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Psychopharmacology (Berl). 2000 Aug;151(2-3):242-51.

Hyperlocomotion and increased dopamine efflux in the rat nucleus accumbens evoked by electrical stimulation of the ventral subiculum: role of ionotropic glutamate and dopamine D1 receptors.

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Department of Psychology, University of British Columbia, Vancouver, Canada.



The role of glutamatergic afferents from the hippocampus in the modulation of dopamine (DA) efflux in the nucleus accumbens (NAcc) and concomitant increases in locomotor activity was examined following brief high-frequency electrical stimulation of the ventral subiculum (vSub). Reverse dialysis of ionotropic glutamate receptor (iGluR) antagonists into the NAcc identified the relative contributions of N-methyl-D-aspartate (NMDA) and non-NMDA glutamate receptors in the modulation of DA efflux, whereas microinjection of these compounds or selective DA D1 or D2 receptor antagonists were used to analyze the roles of glutamatergic and DA receptors in the stimulation-induced hyperlocomotion.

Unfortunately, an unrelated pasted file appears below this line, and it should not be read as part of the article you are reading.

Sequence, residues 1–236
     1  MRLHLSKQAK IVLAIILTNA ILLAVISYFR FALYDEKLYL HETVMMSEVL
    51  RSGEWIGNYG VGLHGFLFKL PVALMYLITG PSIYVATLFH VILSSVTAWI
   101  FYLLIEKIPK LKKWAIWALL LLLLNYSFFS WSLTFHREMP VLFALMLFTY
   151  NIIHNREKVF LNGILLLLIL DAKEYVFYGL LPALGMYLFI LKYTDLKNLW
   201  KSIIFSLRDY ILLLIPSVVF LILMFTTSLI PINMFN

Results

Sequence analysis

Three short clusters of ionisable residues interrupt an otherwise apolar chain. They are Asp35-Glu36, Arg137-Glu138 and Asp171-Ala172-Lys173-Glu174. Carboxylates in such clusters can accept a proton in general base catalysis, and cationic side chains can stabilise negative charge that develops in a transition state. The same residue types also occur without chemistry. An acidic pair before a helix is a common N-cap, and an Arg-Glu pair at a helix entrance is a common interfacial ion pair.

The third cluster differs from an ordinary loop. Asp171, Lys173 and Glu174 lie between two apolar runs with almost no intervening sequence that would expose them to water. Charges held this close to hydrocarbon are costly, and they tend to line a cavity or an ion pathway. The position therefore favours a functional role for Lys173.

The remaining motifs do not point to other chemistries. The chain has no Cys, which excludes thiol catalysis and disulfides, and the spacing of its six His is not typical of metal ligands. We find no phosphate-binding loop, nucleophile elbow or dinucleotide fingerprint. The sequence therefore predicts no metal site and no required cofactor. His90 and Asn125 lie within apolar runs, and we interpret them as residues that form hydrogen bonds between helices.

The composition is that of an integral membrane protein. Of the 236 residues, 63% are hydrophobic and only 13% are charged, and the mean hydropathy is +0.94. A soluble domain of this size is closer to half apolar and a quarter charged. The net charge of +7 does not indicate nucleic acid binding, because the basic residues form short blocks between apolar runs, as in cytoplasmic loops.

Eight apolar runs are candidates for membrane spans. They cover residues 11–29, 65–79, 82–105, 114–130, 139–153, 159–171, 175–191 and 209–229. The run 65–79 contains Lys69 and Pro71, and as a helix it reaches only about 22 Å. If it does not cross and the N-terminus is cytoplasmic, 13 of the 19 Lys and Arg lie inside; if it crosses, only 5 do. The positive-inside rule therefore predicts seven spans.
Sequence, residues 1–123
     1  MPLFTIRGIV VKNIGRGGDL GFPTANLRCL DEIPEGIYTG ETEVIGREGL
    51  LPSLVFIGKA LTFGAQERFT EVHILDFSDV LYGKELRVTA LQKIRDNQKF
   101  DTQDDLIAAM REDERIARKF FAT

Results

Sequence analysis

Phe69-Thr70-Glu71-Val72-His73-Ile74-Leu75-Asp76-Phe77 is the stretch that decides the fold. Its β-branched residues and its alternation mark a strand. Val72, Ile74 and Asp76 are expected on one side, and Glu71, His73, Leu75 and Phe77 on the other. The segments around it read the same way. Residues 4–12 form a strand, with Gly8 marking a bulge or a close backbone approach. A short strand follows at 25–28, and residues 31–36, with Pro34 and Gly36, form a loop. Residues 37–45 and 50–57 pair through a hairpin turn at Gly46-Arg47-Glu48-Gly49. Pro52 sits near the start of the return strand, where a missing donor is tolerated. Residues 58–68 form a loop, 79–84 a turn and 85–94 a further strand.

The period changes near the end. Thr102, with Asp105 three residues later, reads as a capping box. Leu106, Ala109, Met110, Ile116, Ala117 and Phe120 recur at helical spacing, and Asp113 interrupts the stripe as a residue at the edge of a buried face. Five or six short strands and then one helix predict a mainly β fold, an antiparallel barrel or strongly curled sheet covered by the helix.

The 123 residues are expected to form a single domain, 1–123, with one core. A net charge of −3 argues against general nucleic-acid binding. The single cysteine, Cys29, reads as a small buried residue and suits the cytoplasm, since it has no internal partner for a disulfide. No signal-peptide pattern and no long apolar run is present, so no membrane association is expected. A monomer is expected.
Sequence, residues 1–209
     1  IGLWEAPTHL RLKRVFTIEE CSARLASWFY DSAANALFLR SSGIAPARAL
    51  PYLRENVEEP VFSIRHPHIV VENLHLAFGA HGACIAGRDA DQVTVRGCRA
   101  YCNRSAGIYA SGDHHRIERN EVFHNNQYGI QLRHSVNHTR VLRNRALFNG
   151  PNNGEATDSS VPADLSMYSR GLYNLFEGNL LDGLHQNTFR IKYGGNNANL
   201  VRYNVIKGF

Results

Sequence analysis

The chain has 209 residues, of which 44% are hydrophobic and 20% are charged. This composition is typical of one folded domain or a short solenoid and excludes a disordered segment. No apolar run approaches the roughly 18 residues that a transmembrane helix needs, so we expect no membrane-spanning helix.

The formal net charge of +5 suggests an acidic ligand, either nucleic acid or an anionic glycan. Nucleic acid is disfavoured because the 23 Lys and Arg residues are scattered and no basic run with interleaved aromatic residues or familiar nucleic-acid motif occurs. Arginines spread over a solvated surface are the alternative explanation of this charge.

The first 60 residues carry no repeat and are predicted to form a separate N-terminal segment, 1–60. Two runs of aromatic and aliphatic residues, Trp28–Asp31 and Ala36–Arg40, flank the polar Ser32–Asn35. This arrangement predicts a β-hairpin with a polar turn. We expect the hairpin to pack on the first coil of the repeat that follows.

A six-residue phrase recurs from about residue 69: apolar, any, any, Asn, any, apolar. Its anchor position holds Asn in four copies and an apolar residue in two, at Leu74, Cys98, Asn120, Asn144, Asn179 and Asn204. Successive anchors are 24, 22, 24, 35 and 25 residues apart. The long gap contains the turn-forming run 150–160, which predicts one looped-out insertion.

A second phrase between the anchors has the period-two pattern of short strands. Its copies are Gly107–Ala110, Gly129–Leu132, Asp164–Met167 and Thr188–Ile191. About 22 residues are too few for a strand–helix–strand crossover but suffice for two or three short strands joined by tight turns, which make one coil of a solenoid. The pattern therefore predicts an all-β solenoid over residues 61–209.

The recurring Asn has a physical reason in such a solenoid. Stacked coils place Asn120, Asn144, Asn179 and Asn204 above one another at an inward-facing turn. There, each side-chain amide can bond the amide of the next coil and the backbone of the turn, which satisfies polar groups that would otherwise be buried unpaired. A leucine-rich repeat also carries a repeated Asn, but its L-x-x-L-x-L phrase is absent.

Electrical stimulation of the vSub at 20 Hz (10 s, 300 microA) induced a significant increase in (1) DA levels in the NAcc (approximately 30% from pre-stimulation DA levels) and (2) locomotor activity (approximately 400%). The evoked DA release was completely blocked by reverse dialysis of a selective non-NMDA antagonist DNQX (10 microM and 100 microM), whereas only a high dose of the NMDA antagonist AP-V (100 microM) was effective. The increased motor activity, however, was only slightly attenuated by reverse dialysis of these drugs. Bilateral intra-NAcc injection of DNQX (1 microg/0.5 microl) blocked the increased motor activity induced by vSub stimulation relative to saline treatment. In contrast, bilateral intra-NAcc injection of AP-V (1 microg/0.5 microl) alone caused a significant increase in locomotor activity. The increased motor activity induced by vSub stimulation appears to be mediated through the DA D1 receptor, as systemic administration of the D1 antagonist SCH 23390 (0.25 mg/kg and 1 mg/kg), but not the D2 antagonist sulpiride (2 mg/kg and 10 mg/kg) blocked these effects.


These data indicate an important role for hippocampal glutamatergic afferents in modulating the release of DA through iGluR on DA-receptive neurons in the NAcc and possibly on output neurons to the ventral tegmental area, which subsequently elicits a prolonged increase in locomotor behavior. The role of this circuit in mediating context-dependent behavioral sensitization to repeated administration of psychostimulants is discussed.

[Indexed for MEDLINE]

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